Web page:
called the acrophonic principle. That is, the idea that the name of each glyph should starts with the sound that glyph represents. Kinda like “B”. Moreover, you can set up a situation whereby each glyph can represent two distinct sounds depending on its location within a syllable. This, for example, could represent “r” in
initial position but “l” in final position, say. Thus, using the acrophonic principle, this
glyph could be called “ral”. Which I think is just a very neat system. Anyways, there you have it. How to come up with a writing system done! Pick a type of script, pick a medium, set some rules, then go forth and iterate… until you can iterate no more. So, inspired by the epicness of [an Artifexian viewer], link’s in [description], and my recent trip to South Korea, I decided to create a writing system for Oa, and here it is! Awesome! Video done. See you all next time. Edgar out. Oh! You’re still here. Right. Well, here’s a picture of the human food hole. Nasal cavity, roof and floor of the mouth, lips, teeth, toungue, and glottis. All graphically abstract…

100 Replies to “Creating a Writing System”

  • Plus if you're Ogier, you can move a leaf from amongst that lovely flowing script to access the ways.

    (I'm in the middle of book 7 and was like "egwene? Lan? Loial???)

  • Υιպε ακօփ ած՚θ «իօπβ! Όπ´ρoθո«տξκu
    (Seaձյπο θιյ՛յէօa se.) uիօղιπ λο (this is my language. Greeganese! By the way it’s a mix of 2 weird languages.)

  • I'm making a language myself to help with stories and troll my class by making pretend letters from a peaceful yet hidden world called Zikuba. The language is called Ulcathaen (pronounced ool Kath ein) and the language occurs throughout the timelines of all stories. This video helped a ton!

  • Me: how bout I go to bed early tonight
    Me at 3am: I wonder how long it would take me to make an entire fucking language

  • 1:44 I chose nothing, 1:44 I chose nothing, sees as

    fans of geography now could have know the * hush * language and in that hush language there are no vowels,and This is an example soo in “hush” you is psst and nice to meet you in hush is “psst chk chk huwe” but at that e in huwe that e you have to finish it very fast 💨.

  • I'm thinking about a script derived from ancient people pressing broken bits of human rib bone into wet clay. Im justifying this as only the priests of the ancient civilization had access to bones of the dead and knowledge of writing. By breaking and sharpening the tips of cross sections of these stylus you could get many interesting shapes. Arches ∩,angles∧, lines ∣, points ∴, ovals (albeit angular ovals later simplified to circles.) I'm thinking each ancient characters would be combinations of no more than two imprints from a rib stylus and a writing kit had four two ended ribs.

    The trouble for me is I'm having trouble constructing the modified handwriting descendant of this cuneiform into non-Roman alphabet letters that can easily be written in cursive.

    Thoughts?

  • I have created a wrting system made solely out of straight lines and dots.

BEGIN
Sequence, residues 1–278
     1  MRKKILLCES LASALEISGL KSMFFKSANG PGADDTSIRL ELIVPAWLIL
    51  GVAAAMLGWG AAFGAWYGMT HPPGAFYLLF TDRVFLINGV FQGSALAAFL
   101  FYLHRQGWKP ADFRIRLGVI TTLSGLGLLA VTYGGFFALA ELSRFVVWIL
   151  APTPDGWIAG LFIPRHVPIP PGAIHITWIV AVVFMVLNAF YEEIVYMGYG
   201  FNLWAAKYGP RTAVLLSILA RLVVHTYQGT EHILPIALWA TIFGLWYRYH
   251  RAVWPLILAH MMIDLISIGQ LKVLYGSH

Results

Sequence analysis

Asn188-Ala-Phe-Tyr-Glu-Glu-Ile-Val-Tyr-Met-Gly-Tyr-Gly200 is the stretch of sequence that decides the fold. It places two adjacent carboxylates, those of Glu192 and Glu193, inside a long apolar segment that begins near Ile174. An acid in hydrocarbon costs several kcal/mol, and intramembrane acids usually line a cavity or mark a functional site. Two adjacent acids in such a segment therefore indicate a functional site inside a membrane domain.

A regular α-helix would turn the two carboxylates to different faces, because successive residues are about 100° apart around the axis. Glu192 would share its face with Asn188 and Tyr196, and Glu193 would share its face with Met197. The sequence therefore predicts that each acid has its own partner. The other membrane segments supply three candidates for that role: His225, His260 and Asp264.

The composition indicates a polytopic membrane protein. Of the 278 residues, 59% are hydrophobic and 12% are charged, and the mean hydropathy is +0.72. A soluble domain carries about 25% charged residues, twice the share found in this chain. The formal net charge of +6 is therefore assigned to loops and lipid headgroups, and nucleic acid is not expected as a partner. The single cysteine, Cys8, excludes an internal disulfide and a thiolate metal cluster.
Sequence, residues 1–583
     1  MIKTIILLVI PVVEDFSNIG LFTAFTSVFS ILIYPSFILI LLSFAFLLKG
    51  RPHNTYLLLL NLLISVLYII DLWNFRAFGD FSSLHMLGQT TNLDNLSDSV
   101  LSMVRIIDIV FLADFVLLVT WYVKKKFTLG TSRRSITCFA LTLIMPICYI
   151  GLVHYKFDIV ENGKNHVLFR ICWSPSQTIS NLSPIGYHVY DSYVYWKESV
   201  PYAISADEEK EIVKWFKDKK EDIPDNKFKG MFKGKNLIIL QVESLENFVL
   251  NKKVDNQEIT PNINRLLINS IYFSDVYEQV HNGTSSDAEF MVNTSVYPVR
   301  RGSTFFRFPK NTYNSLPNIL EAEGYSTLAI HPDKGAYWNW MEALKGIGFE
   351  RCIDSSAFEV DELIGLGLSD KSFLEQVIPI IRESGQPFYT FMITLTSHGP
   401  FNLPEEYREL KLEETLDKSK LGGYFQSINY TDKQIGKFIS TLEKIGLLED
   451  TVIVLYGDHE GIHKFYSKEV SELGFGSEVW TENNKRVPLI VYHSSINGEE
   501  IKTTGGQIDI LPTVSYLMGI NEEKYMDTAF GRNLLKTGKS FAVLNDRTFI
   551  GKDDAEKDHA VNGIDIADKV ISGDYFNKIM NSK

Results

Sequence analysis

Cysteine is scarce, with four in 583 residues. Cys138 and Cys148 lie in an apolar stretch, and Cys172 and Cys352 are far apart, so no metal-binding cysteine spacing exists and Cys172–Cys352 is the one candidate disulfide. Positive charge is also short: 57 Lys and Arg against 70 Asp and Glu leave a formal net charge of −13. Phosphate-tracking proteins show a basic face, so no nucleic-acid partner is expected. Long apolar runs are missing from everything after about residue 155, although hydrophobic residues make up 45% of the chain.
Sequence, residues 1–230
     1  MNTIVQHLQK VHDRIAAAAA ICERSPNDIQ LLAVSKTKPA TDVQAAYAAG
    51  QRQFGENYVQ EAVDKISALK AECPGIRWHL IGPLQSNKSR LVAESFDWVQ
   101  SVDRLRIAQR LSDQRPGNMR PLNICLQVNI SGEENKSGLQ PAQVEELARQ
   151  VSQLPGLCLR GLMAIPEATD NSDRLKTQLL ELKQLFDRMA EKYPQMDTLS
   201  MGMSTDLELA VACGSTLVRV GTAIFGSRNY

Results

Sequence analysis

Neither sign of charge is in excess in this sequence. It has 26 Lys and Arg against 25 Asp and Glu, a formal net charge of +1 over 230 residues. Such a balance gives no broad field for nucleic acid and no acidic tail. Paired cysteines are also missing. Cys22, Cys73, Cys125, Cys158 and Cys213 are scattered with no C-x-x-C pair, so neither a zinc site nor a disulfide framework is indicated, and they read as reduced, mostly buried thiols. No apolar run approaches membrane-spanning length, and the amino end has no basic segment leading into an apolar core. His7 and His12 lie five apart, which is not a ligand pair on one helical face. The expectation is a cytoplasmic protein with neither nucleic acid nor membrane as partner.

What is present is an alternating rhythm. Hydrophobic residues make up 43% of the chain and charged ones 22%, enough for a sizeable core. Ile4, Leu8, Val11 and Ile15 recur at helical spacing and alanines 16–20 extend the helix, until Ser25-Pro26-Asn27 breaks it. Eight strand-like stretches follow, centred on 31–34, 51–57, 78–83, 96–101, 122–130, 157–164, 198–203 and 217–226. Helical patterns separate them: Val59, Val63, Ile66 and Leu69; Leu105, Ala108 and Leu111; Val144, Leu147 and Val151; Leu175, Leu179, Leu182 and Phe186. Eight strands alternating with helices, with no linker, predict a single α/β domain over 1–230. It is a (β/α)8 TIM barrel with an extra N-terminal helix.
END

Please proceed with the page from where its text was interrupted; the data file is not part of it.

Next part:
The history of this language is that it was orginally carved into stone, often extrenely deep to avoid destruction and erosion of the text.
    The vowels are easy to tell apart from the consoants as pure vowels always have 2 straight lines parallel to each other and diphthongs have 2 intersecting lines, with dots. Only symbols that represent vowels or be used as vowels (like l and r) have dots

  • My language called Tejin, has an alphabet with 35 glyphs wth 9 vowels & 26 constants. The number of sounds in my glyphs vary.

  • I saw that Nail and Gear, Tim. Slightly unrelated, I'd kinda like to hear Brady and Grey talk about language sometime. Could be interesting

  • "make sure that your glyphs look distinct and related" This is one of the things that irks me about Shavian. More of the characters in Shavian are ambiguous than there should be. Like, the character for f looks too similar to the character for a (as in ash), the character for v looks too much like the one for a (like ado), the one for p too much like o (in on), etc. I like Shavians phonetics, but I really hate its glyphs!

  • Just pretend to say things in Russian, that's the spoken part, now for writing just take the English version of the text and flip it upside down

  • Another thing you can consider when coming up with a writing system is something about the physical presence of one who is writing it. I'm thinking of the "writing" of the aliens from Slaughterhouse 5, who exist as 4th dimensional beings which means their writing is also 4th dimensional, using 4D letters, and how that might appear to a 3D character like humans

  • I already made up 3 languages/writing systems all on my own and I'm very proud of myself because they're based on real-world languages. And by real-world languages I mean I mostly based it off of Korean since I can kind of read and speak it. The first one had 23 characters, each representing a word with a different random sound I just felt like using, then just combine stuff and bam, words (yes it's limited but at least blood literally translates to life water). The second is based on the first one, with words being just twisted versions of the original and the writing with phonetic letters. The third is just random scribbles and gibberish combined with Korean. Benefits of being sorta bilingual, I guess 🙂 Edit: also the third language is very hard to write because just like Korean it has rules where you place certain letters under others to create a word and sound. But unlike Korean, all the letters are hard to write perfectly, like imagine the written language love child of Russian cursive and Arabic on drugs and that's what it looks like. (That was a really weird analogy but that really is the best way to describe it).